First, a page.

Introduction to Emacs modules

Table of Contents

1 How it works

A new feature was added to Emacs 25 that lets you load dynamic modules. This means you are no longer limited to Emac Lisp, you can extend Emacs by using native compiled code. The two main advantages are better integration and speed (if you know what you are doing).

Modules work as "plugins" in many other programs. Each module is compiled to a shared library (with .so, .dylib or .dll extension depending on your system). This shared library implements functions that will get called by the main program. The plugin API or module interface describes what the main program expects as entry points and what the module can use to interact with the main program.

Concretely this API is accessible through the emacs-module.h header file. This is the only thing you need to make an Emacs module, you don't have to link against any Emacs binaries or libraries.

The most important things this file defines is:

  • An emacs_value opaque type which is used to pass Lisp values to and from Emacs.
  • An emacs_runtime structure which is used to get an environment pointer.
  • An emacs_env structure that contains function pointers to the API.
  • The function prototype of the module main entry point.
extern int emacs_module_init (struct emacs_runtime *ert);

This is the function Emacs will call when it loads your module. It will pass you a pointer to a runtime structure, from which you can get an environement pointer:

emacs_env *env = ert->get_environment(ert);

This environement pointer lets you interact with the Lisp interpreter thru function pointers. All those function pointers take the environment as the first parameter.

2 Basic module

We're going to define a new module that defines a new module mymod that defined a function mymod-test that returns the integer 42. First get a recent copy of the Emacs sources. You need to build Emacs with module support (it is disabled by default) and you need the emacs_module.h header.

You need to run ./configure --with-modules && make. You can test your freshly built Emacs by running ./src/emacs -Q. The -Q option prevents Emacs from reading your usual init file (you get a clean Emacs).

2.1 Makefile

# path to the emacs source dir
# (you can provide it here or on the command line)
#ROOT    =
CC      = gcc
LD      = gcc
CFLAGS  = -ggdb3 -Wall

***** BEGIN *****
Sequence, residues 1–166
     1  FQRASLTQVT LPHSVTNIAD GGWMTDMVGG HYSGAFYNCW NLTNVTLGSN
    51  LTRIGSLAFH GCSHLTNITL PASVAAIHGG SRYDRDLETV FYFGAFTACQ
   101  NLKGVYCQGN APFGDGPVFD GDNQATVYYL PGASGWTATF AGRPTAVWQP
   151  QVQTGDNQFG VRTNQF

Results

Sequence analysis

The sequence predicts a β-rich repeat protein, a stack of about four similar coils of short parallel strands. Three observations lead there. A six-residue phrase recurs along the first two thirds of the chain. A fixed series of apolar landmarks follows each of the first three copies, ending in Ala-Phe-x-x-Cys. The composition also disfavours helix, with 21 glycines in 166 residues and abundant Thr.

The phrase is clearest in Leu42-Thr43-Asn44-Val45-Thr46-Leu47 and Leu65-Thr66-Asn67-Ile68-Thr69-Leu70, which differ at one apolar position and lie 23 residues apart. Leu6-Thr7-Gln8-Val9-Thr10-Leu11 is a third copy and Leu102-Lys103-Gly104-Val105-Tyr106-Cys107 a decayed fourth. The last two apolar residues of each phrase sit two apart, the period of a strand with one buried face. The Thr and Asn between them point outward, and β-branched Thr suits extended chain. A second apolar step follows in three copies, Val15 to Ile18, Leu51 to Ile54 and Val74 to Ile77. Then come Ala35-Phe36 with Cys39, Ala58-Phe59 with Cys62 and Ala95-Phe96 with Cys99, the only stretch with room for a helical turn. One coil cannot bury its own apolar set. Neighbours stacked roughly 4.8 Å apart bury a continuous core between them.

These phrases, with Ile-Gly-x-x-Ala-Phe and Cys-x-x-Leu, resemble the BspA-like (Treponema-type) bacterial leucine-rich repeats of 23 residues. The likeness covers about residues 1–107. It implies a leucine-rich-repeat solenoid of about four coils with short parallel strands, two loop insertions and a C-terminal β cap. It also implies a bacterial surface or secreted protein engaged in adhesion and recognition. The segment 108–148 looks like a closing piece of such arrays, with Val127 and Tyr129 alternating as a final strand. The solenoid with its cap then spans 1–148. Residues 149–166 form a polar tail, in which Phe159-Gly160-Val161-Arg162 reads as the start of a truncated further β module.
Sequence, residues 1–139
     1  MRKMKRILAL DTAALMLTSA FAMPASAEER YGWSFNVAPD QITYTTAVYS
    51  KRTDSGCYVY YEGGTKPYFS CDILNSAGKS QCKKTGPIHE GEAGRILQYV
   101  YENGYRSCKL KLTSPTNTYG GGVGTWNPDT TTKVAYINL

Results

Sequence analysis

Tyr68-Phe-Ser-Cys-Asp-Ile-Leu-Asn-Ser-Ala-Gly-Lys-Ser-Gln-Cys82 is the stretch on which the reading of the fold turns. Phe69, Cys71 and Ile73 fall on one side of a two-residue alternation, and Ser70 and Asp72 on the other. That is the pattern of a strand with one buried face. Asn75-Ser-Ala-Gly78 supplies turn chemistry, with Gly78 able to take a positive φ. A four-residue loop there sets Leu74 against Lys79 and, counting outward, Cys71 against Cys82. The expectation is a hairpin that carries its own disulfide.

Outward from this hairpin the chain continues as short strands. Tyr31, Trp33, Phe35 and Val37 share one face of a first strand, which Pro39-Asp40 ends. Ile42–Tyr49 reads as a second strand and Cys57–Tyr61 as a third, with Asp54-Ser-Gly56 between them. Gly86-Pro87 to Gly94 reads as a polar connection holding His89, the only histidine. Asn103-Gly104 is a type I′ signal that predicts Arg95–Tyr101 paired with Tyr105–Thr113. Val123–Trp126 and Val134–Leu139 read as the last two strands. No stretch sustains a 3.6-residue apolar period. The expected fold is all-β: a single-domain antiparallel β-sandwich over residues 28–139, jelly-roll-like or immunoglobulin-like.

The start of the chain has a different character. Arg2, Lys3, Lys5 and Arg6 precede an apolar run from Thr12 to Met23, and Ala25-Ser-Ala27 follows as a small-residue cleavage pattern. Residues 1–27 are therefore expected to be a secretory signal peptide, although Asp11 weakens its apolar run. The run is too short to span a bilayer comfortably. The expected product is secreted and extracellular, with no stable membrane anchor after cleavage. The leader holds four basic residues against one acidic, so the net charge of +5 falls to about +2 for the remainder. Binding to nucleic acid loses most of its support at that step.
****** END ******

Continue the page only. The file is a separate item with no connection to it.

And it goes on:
# make shared library out of the object file %.o
        $(LD) -shared $(LDFLAGS) -o $@ $<

# compile source file to object file
%.o: %.c
        $(CC) $(CFLAGS) -I$(ROOT)/src -fPIC -c $<

2.2 mymod.c

Emacs modules must be GPL compatible. To enforce that Emacs checks for the presence of the plugin_is_GPL_compatible symbol before it loads a module.

#include <emacs-module.h>

/* Declare mandatory GPL symbol.  */
int plugin_is_GPL_compatible;

/* New emacs lisp function. All function exposed to Emacs must have this prototype. */
static emacs_value
Fmymod_test (emacs_env *env, int nargs, emacs_value args[], void *data)
  return env->make_integer (env, 42);

/* Bind NAME to FUN.  */
static void
bind_function (emacs_env *env, const char *name, emacs_value Sfun)
  /* Set the function cell of the symbol named NAME to SFUN using
     the 'fset' function.  */

  /* Convert the strings to symbols by interning them */
  emacs_value Qfset = env->intern (env, "fset");
  emacs_value Qsym = env->intern (env, name);

  /* Prepare the arguments array */
  emacs_value args[] = { Qsym, Sfun };

  /* Make the call (2 == nb of arguments) */
  env->funcall (env, Qfset, 2, args);

/* Provide FEATURE to Emacs.  */
static void
provide (emacs_env *env, const char *feature)
  /* call 'provide' with FEATURE converted to a symbol */

  emacs_value Qfeat = env->intern (env, feature);
  emacs_value Qprovide = env->intern (env, "provide");
  emacs_value args[] = { Qfeat };

  env->funcall (env, Qprovide, 1, args);

emacs_module_init (struct emacs_runtime *ert)
  emacs_env *env = ert->get_environment (ert);

  /* create a lambda (returns an emacs_value) */
  emacs_value fun = env->make_function (env,
              0,            /* min. number of arguments */
              0,            /* max. number of arguments */
              Fmymod_test,  /* actual function pointer */
              "doc",        /* docstring */
              NULL          /* user pointer of your choice (data param in Fmymod_test) */

  bind_function (env, "mymod-test", fun);
  provide (env, "mymod");

  /* loaded successfully */
  return 0;

2.3 Testing

Compile your module by providing the path to the Emacs source dir as the ROOT variable (edit the Makefile or do it like this):

$ make ROOT=$HOME/prog/emacs-25.0.92
gcc -ggdb3 -Wall -I/home/aaptel/prog/emacs-25.0.92/src -fPIC -c mymod.c
gcc -shared  -o mymod.o
rm mymod.o

You can now run your modules-enabled Emacs load and test your module. Use -L to append the directory containing your compiled module to the load-path list.

$ ~/prog/emacs-25.0.92/src/emacs -Q -L $PWD

Load your module and try to call mymod-test by typing this in the scratch buffer and evaluating it with C-j (it evaluates the form right before the point and prints it back).

If you have done everything right you should get this:

(require 'mymod) <C-j>

(mymod-test) <C-j>

Author: Aurélien Aptel

Created: 2016-03-31 jeu. 16:44

Emacs 24.5.1 (Org mode 8.2.10)